Second, appellant argues that the error was not harmless because the court's instruction was misleading in that it implied that appellant would face some term of incarceration, although not a "mandatory period." Even if this were a fair reading of the instruction given by the court, it does not appear that it would foreclose a finding of harmlessness, given the remaining instruction given by the court. See Taylor, supra, 866 A.2d at 826.

Finally, appellant argues that the court cannot conclude that the jury's verdict was not affected by speculation about possible punishment because the jury reported being hung on one count and, shortly thereafter, returned a split verdict that appears to be a compromise. The facts underlying this argument are as follows. While deliberating, the jury sent a note at 11:35 a.m. which inquired, "[i]f we've reached a verdict on one count and are hung on another count[,] does that [jeopardize] the one count we reached the verdict on?" At 12:55 p.m., the jury sent another note indicating that it had reached a verdict. The jury found appellant guilty of one count of unlawful distribution of a controlled substance (cocaine base) in a drug free zone (involving Ms. Wheeler), and not guilty of that offense and the lesser-included offense as related to Mr. McIlwain. Neither the verdict itself nor the notes leading to its return shed any light on whether the split verdict resulted from the jury's focus on punishment as a result of the court's instruction. This case is unlike Patrick, supra, where it appeared from the circumstances that the jury's guilty verdict may have been the result of a compromise reached after the court instructed the divided jury in response to its inquiry that it could recommend treatment. 161 U.S. App. D.C. at 236, 494 F.2d at 1155. The court stated in Patrick that where there had been a note that the jury was divided ten to two, it was a plausible hypothesis that a second note "was aimed at facilitating a compromise verdict by soliciting information that would assure those dissenting jurors, who would not otherwise have acquiesced, that appellant would receive treatment." Id.Here, there is no similar nexus between the instruction given prior to deliberations and the verdict returned ultimately. There was no note seeking explication of sentencing options in the event of conviction. There is nothing other than appellant's speculation that the jury compromised its verdict because it improperly considered punishment in its deliberations. Therefore, we perceive no basis to find that the error was not harmless based on this argument.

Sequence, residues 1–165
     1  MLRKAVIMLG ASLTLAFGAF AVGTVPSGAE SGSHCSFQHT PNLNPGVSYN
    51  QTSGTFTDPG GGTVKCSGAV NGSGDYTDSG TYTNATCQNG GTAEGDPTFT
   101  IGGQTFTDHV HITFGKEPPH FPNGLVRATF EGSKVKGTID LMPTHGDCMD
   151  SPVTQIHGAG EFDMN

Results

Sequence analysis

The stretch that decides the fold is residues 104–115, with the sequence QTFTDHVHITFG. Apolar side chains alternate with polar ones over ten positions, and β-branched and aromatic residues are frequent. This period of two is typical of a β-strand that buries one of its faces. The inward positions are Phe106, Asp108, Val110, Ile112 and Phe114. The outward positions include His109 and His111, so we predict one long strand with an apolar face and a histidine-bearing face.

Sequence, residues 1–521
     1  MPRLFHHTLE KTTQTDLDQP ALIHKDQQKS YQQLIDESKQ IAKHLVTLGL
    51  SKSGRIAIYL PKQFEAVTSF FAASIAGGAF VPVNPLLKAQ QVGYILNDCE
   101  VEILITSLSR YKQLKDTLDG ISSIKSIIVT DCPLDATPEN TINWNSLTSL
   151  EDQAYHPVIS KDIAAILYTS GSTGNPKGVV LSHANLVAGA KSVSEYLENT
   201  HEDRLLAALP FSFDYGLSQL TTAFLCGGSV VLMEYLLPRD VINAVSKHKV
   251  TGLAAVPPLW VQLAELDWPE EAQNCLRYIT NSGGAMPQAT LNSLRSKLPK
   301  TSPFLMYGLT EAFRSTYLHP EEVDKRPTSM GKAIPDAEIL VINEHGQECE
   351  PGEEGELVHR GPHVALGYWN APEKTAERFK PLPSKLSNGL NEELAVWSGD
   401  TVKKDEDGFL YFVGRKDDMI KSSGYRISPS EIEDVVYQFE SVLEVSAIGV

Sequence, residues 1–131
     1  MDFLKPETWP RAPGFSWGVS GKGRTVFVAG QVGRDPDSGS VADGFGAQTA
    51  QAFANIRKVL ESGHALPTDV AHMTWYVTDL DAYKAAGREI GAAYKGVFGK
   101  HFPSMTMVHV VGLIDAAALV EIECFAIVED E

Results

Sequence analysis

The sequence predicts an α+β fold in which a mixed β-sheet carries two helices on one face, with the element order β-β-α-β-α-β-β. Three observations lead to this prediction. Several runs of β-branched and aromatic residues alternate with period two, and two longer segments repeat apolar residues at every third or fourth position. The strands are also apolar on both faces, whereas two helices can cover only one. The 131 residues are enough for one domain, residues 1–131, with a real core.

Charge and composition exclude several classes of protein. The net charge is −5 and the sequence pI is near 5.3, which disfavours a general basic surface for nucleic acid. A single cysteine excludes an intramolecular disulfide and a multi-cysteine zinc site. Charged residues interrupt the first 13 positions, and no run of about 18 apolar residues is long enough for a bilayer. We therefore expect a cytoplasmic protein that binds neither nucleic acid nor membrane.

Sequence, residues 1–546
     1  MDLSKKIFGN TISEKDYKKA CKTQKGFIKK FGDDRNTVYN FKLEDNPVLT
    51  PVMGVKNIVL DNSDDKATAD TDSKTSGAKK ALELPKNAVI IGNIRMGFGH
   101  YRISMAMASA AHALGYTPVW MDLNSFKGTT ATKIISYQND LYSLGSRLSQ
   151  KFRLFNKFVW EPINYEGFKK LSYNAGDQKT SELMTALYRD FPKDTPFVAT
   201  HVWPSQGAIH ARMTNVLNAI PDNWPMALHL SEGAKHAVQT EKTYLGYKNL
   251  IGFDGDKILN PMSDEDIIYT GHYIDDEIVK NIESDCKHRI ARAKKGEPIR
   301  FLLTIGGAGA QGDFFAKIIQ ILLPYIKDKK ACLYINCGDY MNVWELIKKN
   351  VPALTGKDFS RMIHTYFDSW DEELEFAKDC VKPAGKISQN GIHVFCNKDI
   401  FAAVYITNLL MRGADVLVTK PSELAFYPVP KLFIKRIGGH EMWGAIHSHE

Finally, the government argues that the strength of its case supports a finding of harmless error. Two eyewitness police officers testified that they observed appellant reach into a plastic bag several times before exchanging a rock-like substance with individuals for cash. The police stopped two of those individuals shortly after these encounters, and found on them loose rocks of crack cocaine. The officers recovered $268 from appellant after his arrest, and they found an empty clear plastic bag in the area where appellant had interacted with the two people. Thus, the evidence against appellant was strong. Given the strength of the government's case, the effect of the court's instructions as a whole, and the presumption that the jury follows the court's instructions, we are persuaded that any error was harmless. See Kotteakos, supra, 328 U.S. at 765.

III.

Appellant's two remaining arguments for reversal require only brief discussion. Appellant argues that the trial court abused its discretion (1) in permitting the government to introduce certain evidence in rebuttal, and (2) in permitting the government to reopen its case after the close of the evidence to introduce additional rebuttal evidence. We find no abuse of discretion in the trial court's rulings

A.